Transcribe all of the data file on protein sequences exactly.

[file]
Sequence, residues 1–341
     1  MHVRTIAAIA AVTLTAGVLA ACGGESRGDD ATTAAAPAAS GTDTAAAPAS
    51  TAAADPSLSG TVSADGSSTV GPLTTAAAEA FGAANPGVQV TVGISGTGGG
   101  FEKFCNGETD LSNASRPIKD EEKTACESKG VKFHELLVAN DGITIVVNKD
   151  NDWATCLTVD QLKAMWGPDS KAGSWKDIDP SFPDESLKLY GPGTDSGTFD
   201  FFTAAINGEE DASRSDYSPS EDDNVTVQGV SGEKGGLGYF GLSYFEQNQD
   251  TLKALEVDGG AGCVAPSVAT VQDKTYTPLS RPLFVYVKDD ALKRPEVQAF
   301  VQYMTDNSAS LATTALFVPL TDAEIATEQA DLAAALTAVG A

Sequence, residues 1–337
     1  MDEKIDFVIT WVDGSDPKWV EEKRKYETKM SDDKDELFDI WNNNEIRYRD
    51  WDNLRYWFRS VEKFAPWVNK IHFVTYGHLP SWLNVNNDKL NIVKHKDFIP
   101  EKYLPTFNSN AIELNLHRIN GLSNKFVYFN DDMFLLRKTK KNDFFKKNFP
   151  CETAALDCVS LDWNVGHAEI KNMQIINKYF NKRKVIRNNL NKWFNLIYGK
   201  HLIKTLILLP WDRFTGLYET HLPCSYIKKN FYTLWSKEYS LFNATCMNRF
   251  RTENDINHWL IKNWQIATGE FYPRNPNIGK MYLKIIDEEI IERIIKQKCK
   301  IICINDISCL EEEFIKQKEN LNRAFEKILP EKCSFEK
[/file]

Sequence, residues 1–341
     1  MHVRTIAAIA AVTLTAGVLA ACGGESRGDD ATTAAAPAAS GTDTAAAPAS
    51  TAAADPSLSG TVSADGSSTV GPLTTAAAEA FGAANPGVQV TVGISGTGGG
   101  FEKFCNGETD LSNASRPIKD EEKTACESKG VKFHELLVAN DGITIVVNKD
   151  NDWATCLTVD QLKAMWGPDS KAGSWKDIDP SFPDESLKLY GPGTDSGTFD
   201  FFTAAINGEE DASRSDYSPS EDDNVTVQGV SGEKGGLGYF GLSYFEQNQD
   251  TLKALEVDGG AGCVAPSVAT VQDKTYTPLS RPLFVYVKDD ALKRPEVQAF
   301  VQYMTDNSAS LATTALFVPL TDAEIATEQA DLAAALTAVG A

Sequence, residues 1–337
     1  MDEKIDFVIT WVDGSDPKWV EEKRKYETKM SDDKDELFDI WNNNEIRYRD
    51  WDNLRYWFRS VEKFAPWVNK IHFVTYGHLP SWLNVNNDKL NIVKHKDFIP
   101  EKYLPTFNSN AIELNLHRIN GLSNKFVYFN DDMFLLRKTK KNDFFKKNFP
   151  CETAALDCVS LDWNVGHAEI KNMQIINKYF NKRKVIRNNL NKWFNLIYGK
   201  HLIKTLILLP WDRFTGLYET HLPCSYIKKN FYTLWSKEYS LFNATCMNRF
   251  RTENDINHWL IKNWQIATGE FYPRNPNIGK MYLKIIDEEI IERIIKQKCK
   301  IICINDISCL EEEFIKQKEN LNRAFEKILP EKCSFEK